A recent article and Op-Ed in the Beachcomber questions choices made by VCA Board and Staff in mid to late 2014 related to building our building. In these past months I have had the opportunity to speak extensively with all the people involved (other than Ms. White but including her attorney) including Debra Twersky at 4Culture and Senator Sharon D. Nelson (both quoted in the article).  I have read all the documents. Based on all of that, I would like to share some of the thinking that guided those choices.

To back up for a moment, it feels important to recall the energy and work that went into this project. It was truly a massive commitment of time and energy by a succession of board members, community volunteers and a small group of staff that stretched from 2008 to 2016.  These people are our island friends and neighbors and the grit, determination, and love they brought to the project over eight years is really remarkable.  Many communities and organizations have started projects like this and not completed them.  It is a credit to our community that we pulled this off.

One of those friends and neighbors was Katherine L White, a wonderful woman who dedicated a lot of money to help make this project happen.  If you knew her, you knew Kay to be a modest, intelligent person who valued her privacy.  She allowed her name to become more visible when her 2008 Trust began to play a big role in public discussions.

By the summer of 2014, a growing list of concerns pushed the Board and staff to find a way to begin the building. Construction costs were rising rapidly (and continue to rise to this day). The staff and Board did not believe VCA could be sure state money would continue to be available. Perhaps most importantly, we did not know how much longer Kay would be with us.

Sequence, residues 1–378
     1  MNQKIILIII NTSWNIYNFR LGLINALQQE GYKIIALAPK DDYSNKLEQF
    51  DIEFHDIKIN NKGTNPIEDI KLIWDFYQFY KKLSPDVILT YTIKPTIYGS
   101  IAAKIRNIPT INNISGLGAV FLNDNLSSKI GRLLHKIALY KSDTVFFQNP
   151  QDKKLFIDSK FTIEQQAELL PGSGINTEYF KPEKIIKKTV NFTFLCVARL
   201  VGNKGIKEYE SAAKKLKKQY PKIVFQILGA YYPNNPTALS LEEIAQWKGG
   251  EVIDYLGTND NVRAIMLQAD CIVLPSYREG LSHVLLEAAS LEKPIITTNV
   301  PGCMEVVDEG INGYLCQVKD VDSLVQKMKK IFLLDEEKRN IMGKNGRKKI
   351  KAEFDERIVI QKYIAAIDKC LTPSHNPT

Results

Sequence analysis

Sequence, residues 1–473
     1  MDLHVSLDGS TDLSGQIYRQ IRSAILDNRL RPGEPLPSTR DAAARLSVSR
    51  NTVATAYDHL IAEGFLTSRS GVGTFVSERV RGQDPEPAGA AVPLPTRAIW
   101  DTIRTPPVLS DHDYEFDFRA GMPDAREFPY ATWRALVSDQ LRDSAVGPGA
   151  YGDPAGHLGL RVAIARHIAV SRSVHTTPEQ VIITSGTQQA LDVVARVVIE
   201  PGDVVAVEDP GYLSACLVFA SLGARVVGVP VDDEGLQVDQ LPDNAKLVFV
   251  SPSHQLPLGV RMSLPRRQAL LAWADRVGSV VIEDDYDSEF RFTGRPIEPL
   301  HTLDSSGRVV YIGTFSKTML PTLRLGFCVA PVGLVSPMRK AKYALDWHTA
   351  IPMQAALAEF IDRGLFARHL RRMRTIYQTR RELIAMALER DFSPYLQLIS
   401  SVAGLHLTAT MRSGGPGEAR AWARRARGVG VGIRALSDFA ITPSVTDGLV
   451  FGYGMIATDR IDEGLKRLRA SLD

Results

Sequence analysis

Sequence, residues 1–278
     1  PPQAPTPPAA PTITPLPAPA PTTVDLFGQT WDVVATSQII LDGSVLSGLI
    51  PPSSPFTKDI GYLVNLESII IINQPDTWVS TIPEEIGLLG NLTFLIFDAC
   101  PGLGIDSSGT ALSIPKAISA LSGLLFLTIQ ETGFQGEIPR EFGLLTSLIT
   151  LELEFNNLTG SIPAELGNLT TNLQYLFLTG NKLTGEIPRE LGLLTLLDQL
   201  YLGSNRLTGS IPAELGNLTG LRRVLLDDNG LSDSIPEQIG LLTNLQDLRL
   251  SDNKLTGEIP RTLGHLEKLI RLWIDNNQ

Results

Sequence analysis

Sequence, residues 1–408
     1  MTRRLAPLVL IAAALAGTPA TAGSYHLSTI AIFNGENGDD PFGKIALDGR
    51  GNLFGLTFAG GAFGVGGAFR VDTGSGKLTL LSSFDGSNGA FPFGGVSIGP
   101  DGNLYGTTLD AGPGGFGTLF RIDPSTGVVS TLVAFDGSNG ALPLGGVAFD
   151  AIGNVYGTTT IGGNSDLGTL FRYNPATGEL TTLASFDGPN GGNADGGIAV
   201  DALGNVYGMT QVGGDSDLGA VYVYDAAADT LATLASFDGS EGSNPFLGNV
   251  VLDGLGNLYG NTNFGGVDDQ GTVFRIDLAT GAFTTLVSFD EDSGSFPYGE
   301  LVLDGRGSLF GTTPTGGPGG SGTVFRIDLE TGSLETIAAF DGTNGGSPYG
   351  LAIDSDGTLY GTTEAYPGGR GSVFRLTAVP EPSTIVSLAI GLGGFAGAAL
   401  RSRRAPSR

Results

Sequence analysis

Kay had committed the majority of her wealth to this project.  She wanted to hear music in the building she had been visualizing for many years, even before the 2008 Trust was created. It was a reasonable desire for a 93-year-old woman who ultimately donated nearly $12 million to see her dream a reality.

It was Kay’s decision to restructure her 2008 Trust. In doing so, she was able to provide the cash VCA needed to start the project and to assure her personal financial needs would be met for the rest of her life . . .  the two objectives of her 2008 Trust. It was also her clear desire not to make her choice public.

People have asked why VCA did not discuss this decision openly. Two reasons. The first is it was Kay’s money and that was her direction. The second is the Board and Staff were confident there would be significant financial resources available once construction was complete to help sustain the building and the organization.  This proved to be a solid assumption.

With the benefit of hindsight, we know there are things we might have done differently. VCA is a big part of Vashon and it is clear we need to create constructive dialog around our important decisions.

There are some specific things I also want to make note of:

  • After Kay’s death, the VCA Board made the decision to apply proceeds from her estate to pay down our building loan. This is the reason our financial resources are a bit less than $4 million vs $6 million. But for an astonishing last minute increase in building costs, we likely would have that and more today.
  • People have expressed concerns about ticket prices.  In 2017, we sold 11,833 tickets for 79 shows. The average ticket price for 90% of our shows was $20. Member prices are typically lower than that. For many events, prices have remained unchanged for years. Volunteers get in free. Many events are free.